By John Gizzi  

Following the announcement from Lausanne, Switzerland, Thursday of the framework of a nuclear agreement between Iran and the P5+1 nations, the leader of the largest Iranian exile faction opposing the Tehran regime warned that any agreement without the Ayatollah Khamenei’s signature “does not block the path to a nuclear bomb.”

Maryam Rajavi, president-elect of the National Council of Resistance of Iran (NCRI), told reporters that, thanks to “the crippling impact of the sanctions” against Iran and Operation Decisive Storm, the regional coalition battling Iran-backed forces trying to take over Yemen, the theocratic regime in Tehran was compelled “to reluctantly take one more step back after 16 months of talks, which had gone into overtime in Lausanne.”

Rajavi was referring to the framework agreement under which Iran would reduce its stockpile of low-enriched uranium by 98 percent and significantly scale back its number of  centrifuges. In return, the United States and the European Union would lift sanctions that have dealt devastating blows to Iran’s economy.
“It is a good deal, a deal that meets our core objectives,” President Barack Obama told reporters at the White House shortly after the framework was unveiled in Lausanne, “This framework would cut off every pathway that Iran could take to develop a nuclear weapon.”

The framework, as Paris-based exile leader Rajavi noted, “blatantly contradicts the foundations and guidelines the regime’s Supreme Leader Ali Khamenei had announced personally two weeks ago.”

“A statement of generalities lacking Khamenei’s signature and official approval will never block the path to the regime obtaining nuclear weapons nor prevent its intrinsic deception,” she said.

Although Chapter IX of the Iranian Constitution gives President Hassan Rouhani the duties of signing treaties and international agreements, Rouhani nonetheless reports to Khamenei, the nation’s supreme leader.

The 74-year-old was elected to the all-powerful post in 1989, succeeding the first Supreme Leader in the Islamic Republic, Ayatollah Khomeini.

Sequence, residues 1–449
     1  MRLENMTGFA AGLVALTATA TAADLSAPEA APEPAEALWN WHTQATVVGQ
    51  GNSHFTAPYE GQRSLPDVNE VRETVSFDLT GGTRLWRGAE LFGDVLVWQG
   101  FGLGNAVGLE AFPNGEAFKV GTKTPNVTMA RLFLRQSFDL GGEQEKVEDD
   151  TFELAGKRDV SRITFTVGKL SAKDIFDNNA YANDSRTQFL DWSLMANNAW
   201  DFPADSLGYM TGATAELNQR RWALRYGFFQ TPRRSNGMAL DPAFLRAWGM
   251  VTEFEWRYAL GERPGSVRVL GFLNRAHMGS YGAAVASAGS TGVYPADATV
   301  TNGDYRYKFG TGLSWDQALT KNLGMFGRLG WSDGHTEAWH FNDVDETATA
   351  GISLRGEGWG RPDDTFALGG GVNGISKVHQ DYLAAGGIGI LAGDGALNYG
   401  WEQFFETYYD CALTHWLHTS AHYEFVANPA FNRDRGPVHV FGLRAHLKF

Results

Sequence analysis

Under Article 110 of the Iranian constitution, the supreme leader is the final authority and spiritual leader, or grand ayatollah, of Iran. He has full control over foreign policy, the armed forces, and nuclear policy.

“Formally or not, the executive, legislative, and judicial branches of the government all operate under his absolute sovereignty,” Iranian dissident Akbar Ganji wrote of Khamenei in the September 2014 issue of Foreign Affairs. “Khamenei is Iran’s head of state, commander-in-chief, and top ideologue.”

In reminding the world that any nuclear deal emerging from Lausanne must have Khamenei’s sign-off, Rajavi also warned that “continuing negotiations with religious fascism in the framework of appeasement will not make the region and the world secure from the threat of nuclear proliferation.”

Recalling the Tehran regime’s years of heavy investment in obtaining nuclear weapons, Rajavi declared that the only alternative to a nuclear-armed Iran “is a democratic and non-nuclear Iran.”

The idea that merely by negotiating with the current regime in Iran the P5+1 help prop it up was underscored to Newsmax by Ali Safavi, the NCRI’s Washington spokesman.

“Any kind of negotiation makes up for the deficit of political legitimacy and the popular support that this regime lacks,” Safavi told Newsmax.

He recalled how in 2009, there was overwhelming evidence of popular opposition to the theocratic government in the form of massive demonstrations in the streets. After reform candidate Mir-Hossein Mousavi was counted out in a presidential election many thought rigged and fraudulent, protesters took to the streets branding signs that read “Death to Khamenei” and “Death to Velayat-e Faqih [roughly translated as “absolute rule by the clergy” and the title of a 1970 book by Ayatollah Khomeini].”

The uprising was quelled, said Safavi, “in large part because Mousavi was not fundamentally interested in changing the regime. He has been languishing under house arrest since 2009.”
Founded in 1981, NCRI represents political figures, academicians, and other Iranians who have fled their homeland, are dedicated to the overthrow of the Islamic Republic and its replacement with a secular democracy.

The group’s leaders are the lineal heirs to Dr. Mohammad Mossadegh, the colorful nationalist and elected prime minister of post-war Iran. His ouster in a U.S-backed coup in 1953 led to the return to power of the exiled Shah of Iran.

Although Mossadegh’s National Front party was outlawed after the former prime minister’s trial and confinement to his home, his followers regrouped in 1965 to form the People’s Mojahedin Organization to wage demonstrations and armed struggle against the Shah.

Known by the acronym MEK, the same group fought Khomeini after he came to power in 1979 and much of its membership was driven to exile. MEK is now the largest component within the NCRI, whose international conclave in Paris last year drew more than 100,000 participants from throughout the world.

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